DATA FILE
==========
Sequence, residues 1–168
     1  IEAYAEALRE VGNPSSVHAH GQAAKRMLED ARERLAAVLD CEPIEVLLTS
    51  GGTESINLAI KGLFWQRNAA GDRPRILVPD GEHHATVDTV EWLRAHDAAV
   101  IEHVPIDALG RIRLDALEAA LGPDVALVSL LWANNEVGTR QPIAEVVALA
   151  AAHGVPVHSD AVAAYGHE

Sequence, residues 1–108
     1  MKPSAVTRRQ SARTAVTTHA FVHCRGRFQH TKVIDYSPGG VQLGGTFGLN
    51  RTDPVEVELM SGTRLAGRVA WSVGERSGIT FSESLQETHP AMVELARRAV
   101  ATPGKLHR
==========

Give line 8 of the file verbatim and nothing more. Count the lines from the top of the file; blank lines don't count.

    51  RTDPVEVELM SGTRLAGRVA WSVGERSGIT FSESLQETHP AMVELARRAV